From KDE Community Wiki
Revision as of 17:03, 22 April 2024 by Meven (talk | contribs) (→‎Debug Tests)
(diff) ← Older revision | Latest revision (diff) | Newer revision → (diff)

GUI Testing with selenium-webdriver-at-spi


Term Explanation
Selenium A browser automation framework
Driver The server component of Selenium
Appium An extension to Selenium making it more useful for app testing
AT-SPI2 A protocol over DBus, which GUI toolkit widgets use to provide their content to screen readers

Installing Dependencies

Basic understanding of how to use meson, cmake, autotools, and make to build and install software is expected.

Distribution-specific instructions

If your distribution is listed below, just install the listed packages.

Distribution Install command
openSUSE Tumbleweed
sudo zypper install accerciser at-spi2-core cmake-full extra-cmake-modules gcc gcc-c++ git gobject-introspection-devel kcoreaddons-devel kpipewire-devel kwayland-devel kwindowsystem-devel libQt5Core-devel libQt5DBus-devel libqt5-qtwayland-devel libqt5*private*devel plasma-wayland-protocols python3*pycairo* python3-pip
sudo apt install accerciser at-spi2-core cmake extra-cmake-modules gcc g++ git gobject-introspection libgirepository1.0-dev libkf5coreaddons-dev libkf5wayland-dev libwayland-dev libkpipewire-dev libkf5windowsystem-dev libqt5core5a libqt5dbus5 libqt5waylandclient5-dev qtbase5-private-dev plasma-wayland-protocols python3*cairo python3-pip ruby libcairo2-dev


For Kubuntu/Ubuntu users: The 22.04 LTS version doesn't offer all the required packages and further steps will fail. It’s recommended to switch to a more recent version (e.g. 23.xx).

General-purpose instructions

Otherwise, manually install the following dependencies:

Installing selenium-webdriver-at-spi

git clone
cd selenium-webdriver-at-spi
# For virtual environment
python3 -m venv venv
source venv/bin/activate
pip3 install -r requirements.txt
echo export PATH="~/.local/bin:$PATH" >> ${HOME}/.bashrc
mkdir build
cd build
cmake ..
sudo make install
cd ..

Writing Tests

You can write tests in any language you want. For the purposes of this guide, we are going to use Python in the hopes that most readers are familiar enough with that language. The complete source code is available here.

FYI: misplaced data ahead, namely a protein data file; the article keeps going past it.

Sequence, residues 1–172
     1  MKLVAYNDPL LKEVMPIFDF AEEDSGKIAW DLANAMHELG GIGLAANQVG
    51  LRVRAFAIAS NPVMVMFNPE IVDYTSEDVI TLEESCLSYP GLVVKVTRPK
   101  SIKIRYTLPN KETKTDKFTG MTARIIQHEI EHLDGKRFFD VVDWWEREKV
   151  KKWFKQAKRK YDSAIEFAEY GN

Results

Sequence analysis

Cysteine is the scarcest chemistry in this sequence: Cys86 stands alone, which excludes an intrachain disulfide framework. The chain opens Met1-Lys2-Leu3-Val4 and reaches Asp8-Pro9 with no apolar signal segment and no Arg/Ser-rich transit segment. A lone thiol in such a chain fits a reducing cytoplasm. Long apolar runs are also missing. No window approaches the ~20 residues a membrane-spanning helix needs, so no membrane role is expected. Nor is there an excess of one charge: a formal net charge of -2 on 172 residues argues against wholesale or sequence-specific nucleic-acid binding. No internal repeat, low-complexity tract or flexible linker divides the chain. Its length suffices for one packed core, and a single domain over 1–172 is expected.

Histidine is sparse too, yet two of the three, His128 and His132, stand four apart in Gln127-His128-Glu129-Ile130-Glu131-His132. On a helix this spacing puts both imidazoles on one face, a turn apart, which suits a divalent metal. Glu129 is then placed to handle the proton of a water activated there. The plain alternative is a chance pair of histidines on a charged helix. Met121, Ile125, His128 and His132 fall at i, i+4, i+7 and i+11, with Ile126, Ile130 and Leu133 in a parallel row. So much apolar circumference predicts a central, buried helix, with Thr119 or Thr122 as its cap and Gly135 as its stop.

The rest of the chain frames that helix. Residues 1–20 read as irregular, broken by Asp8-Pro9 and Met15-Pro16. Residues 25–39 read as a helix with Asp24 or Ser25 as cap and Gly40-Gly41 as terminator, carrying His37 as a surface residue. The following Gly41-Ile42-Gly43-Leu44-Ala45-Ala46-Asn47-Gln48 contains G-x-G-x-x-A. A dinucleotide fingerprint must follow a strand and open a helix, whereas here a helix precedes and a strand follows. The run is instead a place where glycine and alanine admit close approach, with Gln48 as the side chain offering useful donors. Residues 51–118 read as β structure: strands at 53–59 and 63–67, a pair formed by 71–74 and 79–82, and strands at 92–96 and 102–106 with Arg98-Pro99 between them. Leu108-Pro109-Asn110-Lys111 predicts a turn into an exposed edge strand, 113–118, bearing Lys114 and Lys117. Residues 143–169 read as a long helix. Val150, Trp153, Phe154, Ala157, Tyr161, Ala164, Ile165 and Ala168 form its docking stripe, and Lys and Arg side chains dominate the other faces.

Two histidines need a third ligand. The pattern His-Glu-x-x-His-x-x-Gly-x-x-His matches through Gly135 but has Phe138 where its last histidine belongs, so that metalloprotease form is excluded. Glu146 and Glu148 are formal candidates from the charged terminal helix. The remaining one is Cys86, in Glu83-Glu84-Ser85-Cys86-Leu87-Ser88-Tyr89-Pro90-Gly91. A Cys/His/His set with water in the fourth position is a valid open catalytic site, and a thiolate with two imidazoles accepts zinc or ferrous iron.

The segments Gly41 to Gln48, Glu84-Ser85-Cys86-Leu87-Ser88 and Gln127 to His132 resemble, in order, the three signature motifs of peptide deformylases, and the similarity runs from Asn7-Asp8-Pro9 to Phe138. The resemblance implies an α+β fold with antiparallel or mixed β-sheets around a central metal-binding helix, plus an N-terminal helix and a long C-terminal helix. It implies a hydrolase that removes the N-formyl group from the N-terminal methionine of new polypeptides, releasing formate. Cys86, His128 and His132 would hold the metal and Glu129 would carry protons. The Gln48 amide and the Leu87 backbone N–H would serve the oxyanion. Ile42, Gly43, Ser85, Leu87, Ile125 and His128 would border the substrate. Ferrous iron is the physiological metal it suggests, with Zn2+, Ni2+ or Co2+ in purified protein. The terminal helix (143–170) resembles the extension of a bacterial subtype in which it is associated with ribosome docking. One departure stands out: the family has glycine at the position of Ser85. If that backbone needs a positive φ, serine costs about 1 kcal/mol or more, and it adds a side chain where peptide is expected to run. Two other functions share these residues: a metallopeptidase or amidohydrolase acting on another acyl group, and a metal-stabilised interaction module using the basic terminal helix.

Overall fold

We start off by creating our test class:

import unittest
import unittest
from appium import webdriver
from appium.webdriver.common.appiumby import AppiumBy
from appium.options.common.base import AppiumOptions
from import WebDriverWait

class SimpleCalculatorTests(unittest.TestCase):

if __name__ == '__main__':
    suite = unittest.TestLoader().loadTestsFromTestCase(SimpleCalculatorTests)

Next, we’ll define some boilerplate setup logic:

    def setUpClass(self):
        options = AppiumOptions()
        # The app capability may be a command line or a desktop file id.
        options.set_capability("app", "org.kde.kcalc.desktop")
        # Boilerplate, always the same
        self.driver = webdriver.Remote(
        # Set a timeout for waiting to find elements. If elements cannot be found
        # in time we'll get a test failure. This should be somewhat long so as to
        # not fall over when the system is under load, but also not too long that
        # the test takes forever.
        self.driver.implicitly_wait = 10

    def tearDownClass(self):
        # Make sure to terminate the driver again, lest it dangles.

This will start the app org.kde.kcalc.desktop through its desktop file, and expect that it correctly set its desktop file ID on the window as well - when not dealing with a proper GUI app you may want to use another startup method: You can also pass command lines to instead fork a process manually. For example, you might start a Plasma applet with "plasmawindowed org.kde.plasma.calculator". Valid app startup options are:

Option Example Explanation
desktop file id
options.set_capability("app", "org.kde.kcalc.desktop")
The app will be started by its desktop file name, similar to how plasma would start it
command line
options.set_capability("app", "plasmawindowed org.kde.plasma.calculator")"
The app will be fork()ed off without any expectation of having desktop file IDs available
options.set_capability("app", "123456")